Format: Hardcover Verified Purchase
Jim Crace is an orderly, methodical writer (his friend Will Self said: "I wouldn't dream of saying that Jim's study demonstrates anal retention, but his marker pens are colour-coded and the distance between his keyboard and chair is painstakingly measured out"), so it's a surprise that the wait for his new novel, The Pesthouse, doubled the usual metronomic two-year gap between his books. It had better be good.

In fact, it had better be better than Cormac McCarthy's recently lauded The Road, because superficially the two have a lot in common. Both are set in a post-apocalyptic America, with straggling survivors battling against the collapse of civilisation and doing their best to evade marauding bandits. Like McCarthy's unnamed man and boy, the characters in The Pesthouse are heading for the coast, where they hope for... what? "We go. We carry on. That's what we have to do."

But where McCarthy produced an immersive, devastating fable, Crace has set his sights wider: and lighter. There are some threats in his story, but few real moments of terror, and his world is more colourful, because his language is too. Anyone who has read Crace before will know what to expect: a rhythmic and mythic prose, full of off-kilter but just-so detail. Dawn is "at the very moment that the owl became the cock;" seagulls are "stocky, busy, labouring, their bony wings weighted at the tips with black;" the ocean is "one great weeping eye. On clear days, we can see the curve of it."

One difficulty with this rich style is that often the drama, emotion or other engine of the story can be blocked out by it. You are so conscious of the beauty of the words that they stay on the surface of your mind without always sinking in.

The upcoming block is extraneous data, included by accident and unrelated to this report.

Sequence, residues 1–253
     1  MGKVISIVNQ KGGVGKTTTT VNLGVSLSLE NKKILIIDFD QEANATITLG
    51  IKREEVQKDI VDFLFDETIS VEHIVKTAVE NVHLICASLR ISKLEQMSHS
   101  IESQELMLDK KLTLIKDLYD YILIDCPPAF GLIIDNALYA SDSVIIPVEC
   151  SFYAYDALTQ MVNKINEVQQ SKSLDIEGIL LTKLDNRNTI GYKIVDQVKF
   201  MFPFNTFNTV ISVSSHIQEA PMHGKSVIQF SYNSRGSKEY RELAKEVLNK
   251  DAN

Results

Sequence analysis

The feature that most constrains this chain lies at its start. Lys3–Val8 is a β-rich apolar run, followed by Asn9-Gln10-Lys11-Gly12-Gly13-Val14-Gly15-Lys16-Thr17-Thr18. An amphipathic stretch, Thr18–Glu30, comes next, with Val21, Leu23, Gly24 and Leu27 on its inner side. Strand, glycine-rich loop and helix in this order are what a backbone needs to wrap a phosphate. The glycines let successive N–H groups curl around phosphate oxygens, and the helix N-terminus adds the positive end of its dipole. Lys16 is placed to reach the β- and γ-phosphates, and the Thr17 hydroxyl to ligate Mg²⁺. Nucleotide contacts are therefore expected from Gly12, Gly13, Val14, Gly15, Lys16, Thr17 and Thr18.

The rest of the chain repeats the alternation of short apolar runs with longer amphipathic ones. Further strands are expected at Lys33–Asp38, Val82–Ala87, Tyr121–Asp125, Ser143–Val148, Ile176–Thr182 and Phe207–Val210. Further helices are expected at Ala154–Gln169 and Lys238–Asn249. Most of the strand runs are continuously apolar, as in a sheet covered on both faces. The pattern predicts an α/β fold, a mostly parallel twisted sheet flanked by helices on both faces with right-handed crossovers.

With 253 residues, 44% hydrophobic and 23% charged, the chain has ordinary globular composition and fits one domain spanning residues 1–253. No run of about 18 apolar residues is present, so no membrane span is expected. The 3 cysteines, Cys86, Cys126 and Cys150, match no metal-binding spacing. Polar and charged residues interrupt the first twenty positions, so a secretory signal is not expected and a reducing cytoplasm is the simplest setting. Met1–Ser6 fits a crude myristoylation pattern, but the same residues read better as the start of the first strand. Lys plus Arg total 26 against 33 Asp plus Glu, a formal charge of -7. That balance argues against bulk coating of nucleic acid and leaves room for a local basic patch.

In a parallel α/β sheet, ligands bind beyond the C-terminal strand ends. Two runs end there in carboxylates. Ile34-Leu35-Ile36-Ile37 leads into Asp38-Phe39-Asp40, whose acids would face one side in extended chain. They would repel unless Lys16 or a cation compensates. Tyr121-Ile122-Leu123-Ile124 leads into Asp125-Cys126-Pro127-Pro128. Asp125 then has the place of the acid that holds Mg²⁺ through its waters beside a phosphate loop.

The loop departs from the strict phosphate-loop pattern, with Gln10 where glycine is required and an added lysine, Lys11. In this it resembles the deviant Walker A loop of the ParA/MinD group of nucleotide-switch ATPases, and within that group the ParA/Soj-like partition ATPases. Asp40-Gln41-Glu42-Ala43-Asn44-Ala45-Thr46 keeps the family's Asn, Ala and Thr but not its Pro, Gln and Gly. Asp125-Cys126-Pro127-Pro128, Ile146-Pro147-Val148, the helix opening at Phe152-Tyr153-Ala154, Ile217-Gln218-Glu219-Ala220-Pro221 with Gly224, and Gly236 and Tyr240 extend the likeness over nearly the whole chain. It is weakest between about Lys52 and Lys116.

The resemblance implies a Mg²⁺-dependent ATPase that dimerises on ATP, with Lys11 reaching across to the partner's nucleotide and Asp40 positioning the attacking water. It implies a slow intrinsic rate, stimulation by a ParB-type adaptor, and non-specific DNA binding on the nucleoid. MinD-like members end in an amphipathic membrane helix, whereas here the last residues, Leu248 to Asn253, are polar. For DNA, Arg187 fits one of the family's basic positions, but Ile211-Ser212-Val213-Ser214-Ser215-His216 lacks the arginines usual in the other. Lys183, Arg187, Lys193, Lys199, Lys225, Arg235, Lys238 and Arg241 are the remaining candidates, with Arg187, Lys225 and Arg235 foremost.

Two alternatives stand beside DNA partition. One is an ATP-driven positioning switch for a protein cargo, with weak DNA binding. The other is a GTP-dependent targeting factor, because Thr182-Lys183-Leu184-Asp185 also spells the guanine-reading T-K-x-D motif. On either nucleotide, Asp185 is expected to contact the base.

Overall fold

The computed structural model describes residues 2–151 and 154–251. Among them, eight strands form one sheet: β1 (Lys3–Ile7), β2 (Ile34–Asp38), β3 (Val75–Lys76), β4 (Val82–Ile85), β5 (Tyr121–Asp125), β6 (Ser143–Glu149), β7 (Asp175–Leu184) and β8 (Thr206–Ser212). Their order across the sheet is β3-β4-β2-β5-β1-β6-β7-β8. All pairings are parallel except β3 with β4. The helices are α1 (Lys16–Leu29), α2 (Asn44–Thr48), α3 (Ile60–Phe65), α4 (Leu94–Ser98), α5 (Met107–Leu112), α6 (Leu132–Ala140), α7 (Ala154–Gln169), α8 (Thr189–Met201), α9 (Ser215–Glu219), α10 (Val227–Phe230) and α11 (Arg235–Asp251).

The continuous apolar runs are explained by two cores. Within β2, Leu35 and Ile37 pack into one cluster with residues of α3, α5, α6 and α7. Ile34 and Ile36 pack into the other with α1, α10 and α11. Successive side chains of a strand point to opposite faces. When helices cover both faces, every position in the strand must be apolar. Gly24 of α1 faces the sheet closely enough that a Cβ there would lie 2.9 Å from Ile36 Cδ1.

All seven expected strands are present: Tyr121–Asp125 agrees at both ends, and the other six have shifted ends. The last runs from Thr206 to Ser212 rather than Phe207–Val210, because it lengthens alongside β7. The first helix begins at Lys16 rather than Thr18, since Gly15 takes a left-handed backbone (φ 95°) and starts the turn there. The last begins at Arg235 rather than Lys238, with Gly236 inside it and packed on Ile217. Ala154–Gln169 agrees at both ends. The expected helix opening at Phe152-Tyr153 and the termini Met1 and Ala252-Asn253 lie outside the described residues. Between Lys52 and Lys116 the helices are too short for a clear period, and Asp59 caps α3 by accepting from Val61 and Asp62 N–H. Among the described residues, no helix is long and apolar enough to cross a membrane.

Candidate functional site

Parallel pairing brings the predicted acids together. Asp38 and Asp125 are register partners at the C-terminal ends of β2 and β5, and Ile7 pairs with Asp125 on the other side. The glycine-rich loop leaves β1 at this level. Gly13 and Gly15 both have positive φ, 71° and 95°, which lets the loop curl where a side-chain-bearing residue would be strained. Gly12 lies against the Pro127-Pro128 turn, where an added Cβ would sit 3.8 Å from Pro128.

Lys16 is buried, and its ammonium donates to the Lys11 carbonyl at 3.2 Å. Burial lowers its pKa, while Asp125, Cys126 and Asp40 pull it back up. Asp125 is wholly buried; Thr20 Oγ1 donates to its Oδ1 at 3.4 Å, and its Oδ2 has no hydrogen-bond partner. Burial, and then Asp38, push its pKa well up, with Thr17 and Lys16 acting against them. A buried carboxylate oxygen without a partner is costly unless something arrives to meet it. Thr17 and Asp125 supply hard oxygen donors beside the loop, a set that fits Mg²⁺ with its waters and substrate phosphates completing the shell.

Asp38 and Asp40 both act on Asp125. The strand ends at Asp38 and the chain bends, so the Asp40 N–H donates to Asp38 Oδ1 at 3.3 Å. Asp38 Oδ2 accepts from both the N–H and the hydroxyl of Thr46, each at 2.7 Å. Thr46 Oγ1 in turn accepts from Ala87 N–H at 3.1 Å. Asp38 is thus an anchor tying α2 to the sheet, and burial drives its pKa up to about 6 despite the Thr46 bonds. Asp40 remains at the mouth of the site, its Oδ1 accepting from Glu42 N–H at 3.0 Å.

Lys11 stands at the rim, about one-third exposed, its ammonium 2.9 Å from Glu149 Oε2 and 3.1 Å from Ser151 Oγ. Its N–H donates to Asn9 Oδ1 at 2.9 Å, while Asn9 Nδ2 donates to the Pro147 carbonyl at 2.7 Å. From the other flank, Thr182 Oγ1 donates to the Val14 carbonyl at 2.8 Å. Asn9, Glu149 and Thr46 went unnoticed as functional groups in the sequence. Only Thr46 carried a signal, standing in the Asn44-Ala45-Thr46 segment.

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23 of 27 people found the following review helpful By D. Harrington on 21 Mar 2007
Format: Hardcover
This is a well-written novel with a lot of interesting ideas, scenes, and well-drawn characters. I read it avidly, enjoyed it, but without genuinely caring for the fortunes of the two main characters as they searched for a better life elsewhere. It has been compared with Cormac McCarthy's "The Road" as both deal with a pair of characters, bound together by love, travelling through post-apocalyptic lands in search of better fortune. Having read "The Road" immediately before this, I feel this is by far the lesser work and, in particular, it fails on two levels. The first is that the setting is unconvincing. This is supposed to be a post-technological future version of America, descended from some undisclosed apocalyptic catastrophe. However, there is nothing to convince the reader that things are actually all that wrong with the world. There's plenty to eat, animal and plant life abounds, and there are plenty of people around. So why no government, technology, education or information, etc? Seems things are OK on one side of a river and a lawless jungle on the other. The reader is at a loss to work out why and it's hard to accept it. Put simply the world of the Pesthouse is not a convincing one. The second problem is that there is something in the writing that makes you feel that the dangers faced by the protagonists are superficial and there is little doubt cast in the reader's mind that they will prevail. Compare this to "The Road": that novel's unrelenting bleakness, its horrificly godless world of death is totally convincing; and its ability to conjure an absolute dread of reading on - made even worse by the father's desperate and primal drive to simply keep his beloved son alive (to "carry the fire") in a dying world where the handful of surviving men and women are reduced to starving lunatics, killing and eating each other - is stunning. In comparison, this doesn't really hit the spot.